Is Faith a Gift from God?

“For by grace you have been saved through faith. And this is not your own doing; it is the gift of God, not a result of works, so that no one may boast” (Ephesians 2:8-9, ESV).

For centuries, Bible commentators have differed on the precise reference of the pronoun “this” (“that” in KJV, ASV) in Ephesians 2:8. Does “this” (touto) refer to faith, as many have stated (e.g., Augustine, Chrysostom, Westcott, Lenski, etc.), or, does “this” refer to salvation from sin? Is faith “the gift of God,” or is this gift salvation by grace through faith?

Admittedly, from a cursory reading of Ephesians 2:8, it may appear that the demonstrative pronoun this has faith as its grammatical antecedent. Those who believe that faith is a gift (i.e., miraculous imposition) from God, often point out that in this verse “faith” is the nearest antecedent of “this” (“For by grace you have been saved through faith. And this is not your own doing; it is the gift of God”). However, when one examines Ephesians 2:8 in the language in which it was written originally (Greek), he finds that the pronoun this (touto) is neuter in gender, while the word faith (pistis) is feminine. Since the general rule in Greek grammar is for the gender and number of a pronoun to be the same as its antecedent (Mounce, 1993, p. 102,109,), then some extenuating linguistic circumstance, special idiomatic use, or other mitigating factor would need to be demonstrated to justify linking “this” to “faith.” If such reasonable justification cannot be made, then one is compelled to continue studying the passage in order to know assuredly what “this” gift of God is.

When no clear antecedent is found within a text, Greek scholar William Mounce wisely recommends that the Bible student study the context of the passage in question in order to help determine what a pronoun is referring to (1993, p. 111). The overall context of the first three chapters of Ephesians is man’s salvation found in Christ.

  • “In Him we have redemption through His blood, the forgiveness of sins, according to the riches of His grace” (1:7).
  • The heavenly “inheritance” is found in Christ (1:11).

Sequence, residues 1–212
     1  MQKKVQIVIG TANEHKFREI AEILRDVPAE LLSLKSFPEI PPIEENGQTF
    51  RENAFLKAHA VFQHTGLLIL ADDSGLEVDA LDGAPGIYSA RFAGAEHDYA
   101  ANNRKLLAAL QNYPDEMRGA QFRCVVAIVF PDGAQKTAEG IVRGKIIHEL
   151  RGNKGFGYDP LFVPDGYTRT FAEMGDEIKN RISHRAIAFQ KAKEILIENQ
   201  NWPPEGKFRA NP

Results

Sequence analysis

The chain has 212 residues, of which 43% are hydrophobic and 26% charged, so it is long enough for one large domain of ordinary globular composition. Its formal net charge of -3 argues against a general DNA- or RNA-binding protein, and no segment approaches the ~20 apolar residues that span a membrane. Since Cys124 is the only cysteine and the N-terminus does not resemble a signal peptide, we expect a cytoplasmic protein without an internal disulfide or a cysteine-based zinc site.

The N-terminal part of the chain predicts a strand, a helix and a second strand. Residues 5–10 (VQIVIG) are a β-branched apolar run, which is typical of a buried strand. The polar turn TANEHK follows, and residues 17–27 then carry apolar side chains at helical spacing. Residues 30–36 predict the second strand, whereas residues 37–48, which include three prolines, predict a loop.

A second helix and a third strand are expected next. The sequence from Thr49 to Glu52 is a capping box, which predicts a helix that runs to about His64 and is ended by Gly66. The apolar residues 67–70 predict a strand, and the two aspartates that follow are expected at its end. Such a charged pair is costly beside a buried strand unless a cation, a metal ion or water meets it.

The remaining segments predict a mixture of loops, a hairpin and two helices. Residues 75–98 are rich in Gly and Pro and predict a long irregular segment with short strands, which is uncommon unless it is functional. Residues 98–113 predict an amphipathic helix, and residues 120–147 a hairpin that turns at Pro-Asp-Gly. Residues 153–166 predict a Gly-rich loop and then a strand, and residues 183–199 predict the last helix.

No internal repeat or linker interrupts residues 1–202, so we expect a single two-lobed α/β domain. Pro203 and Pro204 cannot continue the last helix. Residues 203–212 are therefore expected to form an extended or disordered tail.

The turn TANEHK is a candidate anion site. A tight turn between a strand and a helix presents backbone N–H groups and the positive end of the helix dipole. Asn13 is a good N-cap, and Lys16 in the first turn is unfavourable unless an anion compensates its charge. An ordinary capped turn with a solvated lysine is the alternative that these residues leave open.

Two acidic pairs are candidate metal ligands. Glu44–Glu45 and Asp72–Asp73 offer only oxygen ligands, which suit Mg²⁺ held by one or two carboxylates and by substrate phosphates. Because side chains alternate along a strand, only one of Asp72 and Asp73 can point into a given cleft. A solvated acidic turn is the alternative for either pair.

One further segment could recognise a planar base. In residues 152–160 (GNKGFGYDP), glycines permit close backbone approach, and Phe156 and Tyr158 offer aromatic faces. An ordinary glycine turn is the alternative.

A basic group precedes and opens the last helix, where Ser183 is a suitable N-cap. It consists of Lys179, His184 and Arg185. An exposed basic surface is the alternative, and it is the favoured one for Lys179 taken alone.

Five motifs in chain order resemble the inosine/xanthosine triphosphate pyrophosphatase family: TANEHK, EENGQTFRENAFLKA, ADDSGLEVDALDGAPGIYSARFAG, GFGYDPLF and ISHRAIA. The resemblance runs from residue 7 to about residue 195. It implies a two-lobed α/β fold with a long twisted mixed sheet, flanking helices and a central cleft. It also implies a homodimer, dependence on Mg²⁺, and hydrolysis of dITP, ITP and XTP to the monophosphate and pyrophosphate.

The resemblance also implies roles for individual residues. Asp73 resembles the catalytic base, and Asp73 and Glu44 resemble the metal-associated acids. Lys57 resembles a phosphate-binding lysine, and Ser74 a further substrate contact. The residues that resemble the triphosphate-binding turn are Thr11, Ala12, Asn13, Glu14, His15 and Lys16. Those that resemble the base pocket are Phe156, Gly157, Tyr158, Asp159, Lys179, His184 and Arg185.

• After believing in the good news of salvation through Christ, the Ephesians were “sealed with the Holy Spirit of promise” (1:13).
  • Sinners are made “alive with Christ” and saved “by grace” (2:5).
  • Sinners are brought near to God “by the blood of Christ” (2:13).
  • Paul became a servant of Christ “according to the gift of the grace of God…by the effective working of His power” (3:7).

Not only is the theme of salvation the overall context of the first three chapters of Ephesians, but the immediate context of Ephesians 2:8-9 is of salvation, not of faith. These two verses thoroughly document how a person is saved, not how a person believes.

  • Salvation is by grace.
  • Salvation is through faith.
  • Salvation is not of yourselves.
  • Salvation is the gift of God.
  • Salvation is not of works.

Paul was not giving an exposition on faith in his letter to the Ephesians. Salvation was his focus. Faith is mentioned as the mode by which salvation is accepted. Salvation is through faith. Just as water is received into a house in twenty-first-century America through a pipeline, a sinner receives salvation through obedient faith. The main focus of Paul’s message in Ephesians 2:8-9 was salvation (the living “water that springs up into everlasting life”—cf. John 4:14), not the mode of salvation.

Faith is not a direct gift from God given to some but not others. Rather, as Paul wrote to the church at Rome, “faith comes by hearing, and hearing by the word of God” (Romans 10:17). Faith in Christ as the Son of God is only found in those who have first heard the Word of God, and then believed (cf. John 20:31).


Mounce, William D. (1993), Basics of Biblical Greek (Grand Rapids, MI: Zondervan).


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